Remember, "Indian Matchmaking" is as much of a entertainment fable as all of romance reality

Netflix's hit provides some education about arranged marriage, but leaves contextual info off the show's biodata

By Melanie McFarland

Senior Critic

Published July 23, 2020 6:03PM (EDT)

Indian Matchmaking (Netflix)
Indian Matchmaking (Netflix)

Out of all the recent Netflix docuseries to catch fire with audiences, the runaway success of "Indian Matchmaking" takes the cake for its provocative approach. Few other series ignite feelings and viewpoints about the difficulties of modern dating, courtship, romance and marriage like this one, and the clients upon whose behalf Mumbai matchmaker Sima Taparia works to find love definitely vary in their expectations on each of these fronts.

The series' approach also assumes a level of understanding as to why viewers are tuning in, which likely comes down to several parts curiosity – about a culture about which the average American viewer who isn't of Indian descent may not fully understand, and about arranged marriage generally – under a mounded dollop of yearning for entertainment variety in a time of limited diversionary choices.

By employing the same plot accelerants and editing that make such series as "Dating Around" or "Married at First Sight" so addictive, a person can't help but invest in the romantic aspirations and character follies of Sima Aunty's main featured clients, four of whom are based in the United States and three in India. That "Indian Matchmaking" also allows us to tag along on these various journeys without pausing to explain the culture beyond translating specific colloquialisms should be to its credit.

Then there's that other sense of provocation, where a close and hard read of "Indian Matchmaking" reveals infuriating choices in its editing, such as breezing by Sima's casual perpetuation of colorism and bias in the service of of clients and their families.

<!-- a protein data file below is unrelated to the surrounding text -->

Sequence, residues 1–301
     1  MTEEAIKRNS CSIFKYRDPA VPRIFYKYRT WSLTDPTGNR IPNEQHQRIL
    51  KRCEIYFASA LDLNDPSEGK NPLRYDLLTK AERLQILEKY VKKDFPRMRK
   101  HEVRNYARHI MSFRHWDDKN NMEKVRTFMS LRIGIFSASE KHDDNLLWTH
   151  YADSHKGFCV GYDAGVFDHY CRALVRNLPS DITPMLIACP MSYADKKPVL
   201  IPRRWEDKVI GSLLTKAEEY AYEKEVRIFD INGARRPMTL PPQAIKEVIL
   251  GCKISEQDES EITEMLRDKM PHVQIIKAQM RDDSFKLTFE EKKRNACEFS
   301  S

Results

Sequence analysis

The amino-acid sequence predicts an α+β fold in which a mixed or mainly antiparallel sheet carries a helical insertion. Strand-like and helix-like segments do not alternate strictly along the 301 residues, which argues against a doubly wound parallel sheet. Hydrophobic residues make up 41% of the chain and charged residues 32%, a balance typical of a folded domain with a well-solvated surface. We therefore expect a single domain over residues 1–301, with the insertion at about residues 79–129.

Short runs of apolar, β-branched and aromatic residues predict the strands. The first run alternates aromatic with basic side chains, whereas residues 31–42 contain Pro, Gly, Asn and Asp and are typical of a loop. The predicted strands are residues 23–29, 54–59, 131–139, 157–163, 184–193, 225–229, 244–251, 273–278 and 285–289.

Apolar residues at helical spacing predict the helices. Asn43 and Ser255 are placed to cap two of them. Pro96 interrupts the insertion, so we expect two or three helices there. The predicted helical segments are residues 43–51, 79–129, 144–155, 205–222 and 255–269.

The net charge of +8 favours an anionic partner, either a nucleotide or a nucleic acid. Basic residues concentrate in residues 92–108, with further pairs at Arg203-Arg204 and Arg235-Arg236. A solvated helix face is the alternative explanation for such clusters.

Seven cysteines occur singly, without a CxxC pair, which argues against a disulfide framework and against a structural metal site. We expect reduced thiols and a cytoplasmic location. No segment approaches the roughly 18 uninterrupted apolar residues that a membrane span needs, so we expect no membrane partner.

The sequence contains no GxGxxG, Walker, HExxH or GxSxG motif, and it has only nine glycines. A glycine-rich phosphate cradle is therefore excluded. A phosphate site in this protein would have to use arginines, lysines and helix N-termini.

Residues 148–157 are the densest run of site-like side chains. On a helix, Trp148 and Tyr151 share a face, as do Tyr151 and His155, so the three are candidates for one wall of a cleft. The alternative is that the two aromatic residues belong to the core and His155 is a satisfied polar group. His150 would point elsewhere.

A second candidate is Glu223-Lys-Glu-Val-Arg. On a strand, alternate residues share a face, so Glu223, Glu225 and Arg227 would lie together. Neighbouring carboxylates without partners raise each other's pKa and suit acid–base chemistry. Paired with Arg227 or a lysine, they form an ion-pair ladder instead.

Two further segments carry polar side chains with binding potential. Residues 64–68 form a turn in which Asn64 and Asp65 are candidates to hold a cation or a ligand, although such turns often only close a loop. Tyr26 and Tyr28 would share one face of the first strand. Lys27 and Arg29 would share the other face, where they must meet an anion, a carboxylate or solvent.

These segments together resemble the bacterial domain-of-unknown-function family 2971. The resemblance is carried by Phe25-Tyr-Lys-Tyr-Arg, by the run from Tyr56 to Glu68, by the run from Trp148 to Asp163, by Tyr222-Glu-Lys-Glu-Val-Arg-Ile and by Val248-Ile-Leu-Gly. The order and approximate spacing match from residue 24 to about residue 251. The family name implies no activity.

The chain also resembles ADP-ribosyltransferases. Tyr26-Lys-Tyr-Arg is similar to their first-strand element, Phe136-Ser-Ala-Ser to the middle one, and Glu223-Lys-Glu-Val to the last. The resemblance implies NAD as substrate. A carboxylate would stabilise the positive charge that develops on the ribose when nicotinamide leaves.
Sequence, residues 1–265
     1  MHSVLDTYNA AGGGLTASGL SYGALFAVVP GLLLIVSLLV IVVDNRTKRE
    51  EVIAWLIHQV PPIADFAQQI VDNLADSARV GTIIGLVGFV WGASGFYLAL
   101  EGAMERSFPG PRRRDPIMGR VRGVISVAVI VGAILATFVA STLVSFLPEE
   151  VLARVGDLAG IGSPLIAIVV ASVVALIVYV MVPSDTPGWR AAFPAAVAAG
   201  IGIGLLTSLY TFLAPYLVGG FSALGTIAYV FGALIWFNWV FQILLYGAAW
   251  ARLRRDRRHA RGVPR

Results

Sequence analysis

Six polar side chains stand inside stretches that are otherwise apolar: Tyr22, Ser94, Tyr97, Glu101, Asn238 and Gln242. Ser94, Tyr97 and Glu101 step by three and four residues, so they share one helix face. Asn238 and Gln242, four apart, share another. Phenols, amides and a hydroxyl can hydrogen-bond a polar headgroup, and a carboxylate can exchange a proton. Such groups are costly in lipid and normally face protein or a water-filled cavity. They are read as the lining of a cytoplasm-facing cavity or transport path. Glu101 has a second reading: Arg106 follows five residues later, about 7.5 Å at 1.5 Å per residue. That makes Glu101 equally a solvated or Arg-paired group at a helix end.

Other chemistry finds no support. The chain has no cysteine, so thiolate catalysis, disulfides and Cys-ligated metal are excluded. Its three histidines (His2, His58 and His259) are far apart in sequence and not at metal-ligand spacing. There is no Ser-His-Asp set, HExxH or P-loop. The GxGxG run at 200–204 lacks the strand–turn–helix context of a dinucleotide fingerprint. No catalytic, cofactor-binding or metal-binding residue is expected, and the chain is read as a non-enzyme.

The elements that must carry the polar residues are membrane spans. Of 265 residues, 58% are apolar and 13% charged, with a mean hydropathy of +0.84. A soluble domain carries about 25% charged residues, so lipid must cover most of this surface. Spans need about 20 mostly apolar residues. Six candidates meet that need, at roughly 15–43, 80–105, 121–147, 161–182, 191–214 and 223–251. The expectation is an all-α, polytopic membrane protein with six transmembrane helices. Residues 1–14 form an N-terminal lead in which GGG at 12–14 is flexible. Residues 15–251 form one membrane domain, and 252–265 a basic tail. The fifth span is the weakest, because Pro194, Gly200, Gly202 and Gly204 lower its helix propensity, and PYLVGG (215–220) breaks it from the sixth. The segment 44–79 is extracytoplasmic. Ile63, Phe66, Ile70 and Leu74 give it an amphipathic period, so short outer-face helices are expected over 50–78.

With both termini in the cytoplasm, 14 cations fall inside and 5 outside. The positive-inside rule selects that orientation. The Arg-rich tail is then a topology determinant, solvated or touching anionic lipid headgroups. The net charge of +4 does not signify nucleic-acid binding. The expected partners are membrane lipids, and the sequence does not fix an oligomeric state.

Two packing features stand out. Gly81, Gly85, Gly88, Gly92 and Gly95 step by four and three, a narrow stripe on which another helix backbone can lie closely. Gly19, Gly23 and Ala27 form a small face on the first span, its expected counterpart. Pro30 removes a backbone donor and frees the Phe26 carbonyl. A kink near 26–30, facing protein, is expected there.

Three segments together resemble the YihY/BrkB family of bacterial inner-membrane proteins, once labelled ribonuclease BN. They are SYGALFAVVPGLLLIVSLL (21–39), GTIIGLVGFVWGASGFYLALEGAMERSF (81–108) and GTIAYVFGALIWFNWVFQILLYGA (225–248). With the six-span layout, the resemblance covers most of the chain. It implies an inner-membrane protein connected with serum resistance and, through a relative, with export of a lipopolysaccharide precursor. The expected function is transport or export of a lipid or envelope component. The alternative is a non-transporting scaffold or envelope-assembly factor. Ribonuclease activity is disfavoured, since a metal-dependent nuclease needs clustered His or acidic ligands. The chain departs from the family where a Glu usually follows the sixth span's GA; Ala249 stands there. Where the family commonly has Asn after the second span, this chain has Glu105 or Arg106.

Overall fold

Or lack of transparency with regard to the class similarities among the featured subjects or the cost of Sima's services. Some of this matchmaker's motivations and personal quirks are in themselves worth interrogating, along with the passive implication by both her and the production's styling that arranged marriage is a standard across a culture presented as more or less homogenous  – which it isn't – and that it may even be preferable to so-called "love" marriages. (The outcomes of the pairs that have been revealed in the various and inevitable  "where are they now" articles tell us that ain't necessarily so.)

None of this necessarily takes away from the massive entertainment value to be had in watching "Indian Matchmaking," to be clear. But it does bring the perils of presenting a culturally specific version of the practice in a romance reality series format with little to no expository context into sharp relief. 

Series creator Smriti Mundhra, who co-directed the 2017 documentary about arranged marriage called  "A Suitable Girl," leaves out all of that film's unblinking truths about arranged marriage in favor of presenting the rosier side of the practice with little questioning or judgment. And there's some usefulness in that approach in terms of shedding light on a practice many Westerners view negatively.

The matchmaker herself is featured prominently in Mundhra's 2017 film and has been with her husband for nearly four decades, having been matched with him at a young age. Her daughter Ritu, one of the main subjects the filmmakers follow, describes her mother as a socialite, and the film makes the family's wealth and status fairly clear.

That detail might be useful for "Indian Matchmaking" viewers to consider. Although it's less important to acknowledge than a few phrases and inscrutable turns begging to be discussed and dissected, such as: What does that coded reference to preferring "North Indian" options mean?